Review: ‘Daisy Theatre’ brings its irreverent puppetry back to T.O. Special

Posted Mar 20, 2015 by Jeff Cottrill
Puppetry ain’t kids’ stuff these days, and nobody in Canada knows this more than Ronnie Burkett. If you thought “Avenue Q” was edgy, just wait until you experience the dark hilarity of “The Daisy Theatre”, which returned to Toronto this week.
Schnitzel wants you to know that he loves you very much  in Ronnie Burkett s  The Daisy Theatre .
Schnitzel wants you to know that he loves you very much, in Ronnie Burkett's "The Daisy Theatre".
Alejandro Santiago
Burkett has been performing with marionettes for almost thirty years, but his previous shows have always been scripted. The Daisy Theatre, which debuted at the Luminato Festival in 2013 and played at the Factory Theatre last year, has Burkett largely improvising with his characters at a manic pace – changing the references and gags every night and calling up random audience members to assist – and if all the other performances are anything like Wednesday night’s, you’re in for a wonderful evening of entertainment.
Daisy has more of a campy, cabaret atmosphere than that of a traditional play; audience members are occasionally egged on to react aloud, and the show alternates between musical numbers (it opens with a burlesque bit by a puppet called Dolly Wiggler), sketches and monologues. Burkett’s characters may be grotesque caricatures, yet many of them appear to be drawn from real life, or at least familiar archetypes: there’s Miss Lillian Lunkhead, a Norma Desmond-esque diva introduced as “Canada’s oldest and undoubtedly worst actress”; there’s Edna Rural, an aging, sheltered prairie housewife with the catchphrase, “Lord love a duck!”; there’s Major-General Lesley F—kwad, a British soldier who’s a bit reminiscent of Graham Chapman’s “This is getting too silly!” general; and there’s Schnitzel, a squeaky-voiced, childlike wanna-be fairy with a daisy growing out of his head.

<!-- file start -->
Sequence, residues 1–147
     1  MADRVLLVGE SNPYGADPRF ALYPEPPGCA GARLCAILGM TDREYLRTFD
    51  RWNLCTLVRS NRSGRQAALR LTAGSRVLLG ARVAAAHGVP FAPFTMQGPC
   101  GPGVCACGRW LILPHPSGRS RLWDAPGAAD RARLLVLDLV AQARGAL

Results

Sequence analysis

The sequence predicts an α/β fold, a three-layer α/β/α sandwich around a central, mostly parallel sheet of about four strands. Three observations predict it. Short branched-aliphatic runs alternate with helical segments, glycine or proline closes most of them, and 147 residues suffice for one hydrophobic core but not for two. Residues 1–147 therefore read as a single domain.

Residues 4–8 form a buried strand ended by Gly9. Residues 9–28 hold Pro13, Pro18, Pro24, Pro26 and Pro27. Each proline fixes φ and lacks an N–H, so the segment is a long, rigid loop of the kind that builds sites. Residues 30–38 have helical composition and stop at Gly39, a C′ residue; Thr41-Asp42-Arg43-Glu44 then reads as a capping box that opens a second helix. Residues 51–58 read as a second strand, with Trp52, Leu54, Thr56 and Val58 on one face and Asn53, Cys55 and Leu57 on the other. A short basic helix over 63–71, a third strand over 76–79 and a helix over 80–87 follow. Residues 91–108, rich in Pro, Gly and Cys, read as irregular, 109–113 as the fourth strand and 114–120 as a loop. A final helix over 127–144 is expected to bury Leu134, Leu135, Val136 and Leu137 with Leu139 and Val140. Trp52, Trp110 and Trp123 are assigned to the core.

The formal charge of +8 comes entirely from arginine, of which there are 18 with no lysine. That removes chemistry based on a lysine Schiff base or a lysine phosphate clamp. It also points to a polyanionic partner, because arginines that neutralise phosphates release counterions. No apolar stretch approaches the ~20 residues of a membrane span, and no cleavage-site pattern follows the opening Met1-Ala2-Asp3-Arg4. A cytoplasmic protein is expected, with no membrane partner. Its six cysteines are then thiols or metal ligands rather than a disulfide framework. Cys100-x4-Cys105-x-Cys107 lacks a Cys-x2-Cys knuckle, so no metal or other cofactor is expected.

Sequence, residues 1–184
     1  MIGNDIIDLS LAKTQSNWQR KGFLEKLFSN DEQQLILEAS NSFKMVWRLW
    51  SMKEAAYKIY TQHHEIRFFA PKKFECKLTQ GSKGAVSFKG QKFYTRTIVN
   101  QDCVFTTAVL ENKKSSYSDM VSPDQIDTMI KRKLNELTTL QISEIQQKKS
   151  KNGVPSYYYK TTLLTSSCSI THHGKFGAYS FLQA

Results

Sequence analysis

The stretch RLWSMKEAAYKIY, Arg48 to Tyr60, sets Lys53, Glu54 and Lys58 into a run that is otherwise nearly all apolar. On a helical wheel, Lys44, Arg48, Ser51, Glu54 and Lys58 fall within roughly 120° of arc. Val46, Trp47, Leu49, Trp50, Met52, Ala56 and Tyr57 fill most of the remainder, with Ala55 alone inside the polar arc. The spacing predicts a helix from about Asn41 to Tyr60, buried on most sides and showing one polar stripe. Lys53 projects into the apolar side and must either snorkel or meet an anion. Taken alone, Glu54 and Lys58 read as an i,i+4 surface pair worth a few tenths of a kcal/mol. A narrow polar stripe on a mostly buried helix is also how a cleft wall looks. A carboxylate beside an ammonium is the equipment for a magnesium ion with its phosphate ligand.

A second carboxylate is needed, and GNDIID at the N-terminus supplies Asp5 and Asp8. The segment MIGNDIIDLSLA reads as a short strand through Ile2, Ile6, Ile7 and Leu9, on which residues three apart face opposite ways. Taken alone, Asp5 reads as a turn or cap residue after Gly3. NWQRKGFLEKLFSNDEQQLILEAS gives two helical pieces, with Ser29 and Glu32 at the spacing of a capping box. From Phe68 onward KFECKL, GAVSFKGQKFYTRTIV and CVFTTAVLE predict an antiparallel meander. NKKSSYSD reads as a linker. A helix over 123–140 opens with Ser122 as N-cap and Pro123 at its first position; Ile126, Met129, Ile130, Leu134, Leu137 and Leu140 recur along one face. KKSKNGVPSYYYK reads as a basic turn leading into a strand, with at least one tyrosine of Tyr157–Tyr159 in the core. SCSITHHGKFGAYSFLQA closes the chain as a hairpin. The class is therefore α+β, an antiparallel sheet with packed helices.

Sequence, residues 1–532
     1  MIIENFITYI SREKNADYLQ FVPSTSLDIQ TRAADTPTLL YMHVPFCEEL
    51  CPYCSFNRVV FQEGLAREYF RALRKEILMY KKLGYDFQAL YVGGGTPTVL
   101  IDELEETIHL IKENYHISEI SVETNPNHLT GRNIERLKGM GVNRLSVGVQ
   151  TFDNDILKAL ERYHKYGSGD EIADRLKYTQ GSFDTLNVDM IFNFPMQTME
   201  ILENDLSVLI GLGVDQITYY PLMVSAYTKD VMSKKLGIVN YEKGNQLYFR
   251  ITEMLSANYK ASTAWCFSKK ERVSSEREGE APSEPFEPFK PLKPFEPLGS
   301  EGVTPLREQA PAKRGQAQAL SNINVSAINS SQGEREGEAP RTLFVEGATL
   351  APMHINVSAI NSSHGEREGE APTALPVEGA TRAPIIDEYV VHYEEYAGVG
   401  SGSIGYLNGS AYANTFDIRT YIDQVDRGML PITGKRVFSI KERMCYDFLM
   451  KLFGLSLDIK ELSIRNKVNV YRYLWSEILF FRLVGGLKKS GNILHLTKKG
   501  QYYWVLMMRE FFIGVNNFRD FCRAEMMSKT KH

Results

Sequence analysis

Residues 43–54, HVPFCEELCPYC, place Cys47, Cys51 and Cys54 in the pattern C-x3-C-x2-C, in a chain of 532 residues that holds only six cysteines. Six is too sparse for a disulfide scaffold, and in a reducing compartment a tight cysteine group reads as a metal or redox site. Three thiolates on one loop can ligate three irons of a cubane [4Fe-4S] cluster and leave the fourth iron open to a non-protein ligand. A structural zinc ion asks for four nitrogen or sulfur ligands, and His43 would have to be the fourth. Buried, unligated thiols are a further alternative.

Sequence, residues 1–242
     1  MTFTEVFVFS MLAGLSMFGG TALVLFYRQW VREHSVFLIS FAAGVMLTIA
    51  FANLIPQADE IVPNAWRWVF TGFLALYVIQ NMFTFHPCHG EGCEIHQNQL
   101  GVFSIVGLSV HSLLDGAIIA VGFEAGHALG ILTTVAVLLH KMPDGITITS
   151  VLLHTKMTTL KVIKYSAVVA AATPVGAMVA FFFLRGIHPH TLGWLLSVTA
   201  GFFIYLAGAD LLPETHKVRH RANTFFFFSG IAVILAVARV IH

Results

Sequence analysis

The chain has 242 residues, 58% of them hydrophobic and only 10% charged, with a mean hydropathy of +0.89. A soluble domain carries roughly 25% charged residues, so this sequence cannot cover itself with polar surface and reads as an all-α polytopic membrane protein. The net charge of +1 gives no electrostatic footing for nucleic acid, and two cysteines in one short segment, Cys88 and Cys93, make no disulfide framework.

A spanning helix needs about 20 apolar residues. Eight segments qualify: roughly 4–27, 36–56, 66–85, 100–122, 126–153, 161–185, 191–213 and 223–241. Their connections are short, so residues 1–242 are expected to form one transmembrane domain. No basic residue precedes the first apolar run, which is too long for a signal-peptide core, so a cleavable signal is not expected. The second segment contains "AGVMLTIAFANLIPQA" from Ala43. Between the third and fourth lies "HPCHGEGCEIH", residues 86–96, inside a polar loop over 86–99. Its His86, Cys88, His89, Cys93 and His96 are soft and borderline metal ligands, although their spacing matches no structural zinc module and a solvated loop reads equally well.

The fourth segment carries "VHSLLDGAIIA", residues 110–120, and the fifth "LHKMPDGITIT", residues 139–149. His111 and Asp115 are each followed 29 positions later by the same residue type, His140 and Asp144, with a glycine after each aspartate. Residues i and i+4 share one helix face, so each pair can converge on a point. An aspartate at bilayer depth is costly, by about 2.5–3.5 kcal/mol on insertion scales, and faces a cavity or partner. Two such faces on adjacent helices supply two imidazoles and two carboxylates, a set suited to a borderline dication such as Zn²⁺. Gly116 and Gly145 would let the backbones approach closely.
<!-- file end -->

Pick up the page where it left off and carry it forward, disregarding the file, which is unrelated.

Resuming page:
These marionettes are elaborate enough that – as with the Muppets – you’ll find yourself forgetting that they’re not real, living people. One reason is the way in which Burkett operates them; he’s not just moving arms and legs around, but adding more subtle body-language details, from specific head tilts and shakes to the general way the characters carry themselves.
But another reason is the quirks Burkett gives to their personalities. He’s not relying on easy gags, but on character humour. Despite the puppets’ extreme comedic personae, many of them seem to have their own unique dreams and back stories, and their soliloquies often have undertones of sadness and yearning behind the silliness, sometimes even touching upon the tragic or existential. Schnitzel wants to escape the confines of the stage, but can’t always find the courage. A hoarse-voiced old Vegas lounge singer, Rosemary Focaccia, keeps interrupting her own act by hurling verbal abuse at the techs, without a shred of self-awareness. (The cigarette locked in the puppet’s right hand is a nice touch.) Also heartbreaking is an actual puppetry-within-puppetry scene about a sentient ventriloquist dummy, Little Woody Lyndon, who worries about getting sold on eBay when he’s no longer useful.
Another trait that distinguishes The Daisy Theatre from other puppet shows is its unapologetically satirical tone. Burkett can’t resist tossing out catty verbal jabs at the mainstream theatre world – from Soulpepper and Canadian Stage to Martha Henry and Calgary’s audiences, even at the puppets in Avenue Q and War Horse – almost as if he resents being seen as a relative underdog in the community. (He even dismisses the reviewers in the opening-night audience as “bloggers and lesser-knowns.”) It’s hilarious in a biting way, but fortunately, the primary targets in the show are universal human foibles, and every character is bang-on in that respect.
Also a highlight is Burkett’s frenzied performance style – switching between voices and characters and rattling off stream-of-consciousness monologue more quickly than the young Robin Williams on amphetamines. Sometimes it’s a little hard to keep up with him, but it’s a marvel to behold, and you welcome the journey.
As I mentioned off the top, this is definitely not a children’s show. Swearing, dirty puns and alternative sexual innuendo abound, depending on the character; it ranges from Rosemary Focaccia’s relentlessly nasty, filthy mouth to Edna’s unknowing reference to her pickle-flavoured dough recipe as “Dill dough.” But with all the edge and camp, The Daisy Theatre still has more wit, heart and unbridled energy than many “regular” plays you’ll see in this city, even with their flesh-and-blood cast members. Catch it while it’s back.
The Daisy Theatre runs at The Factory Studio Theatre until April 5.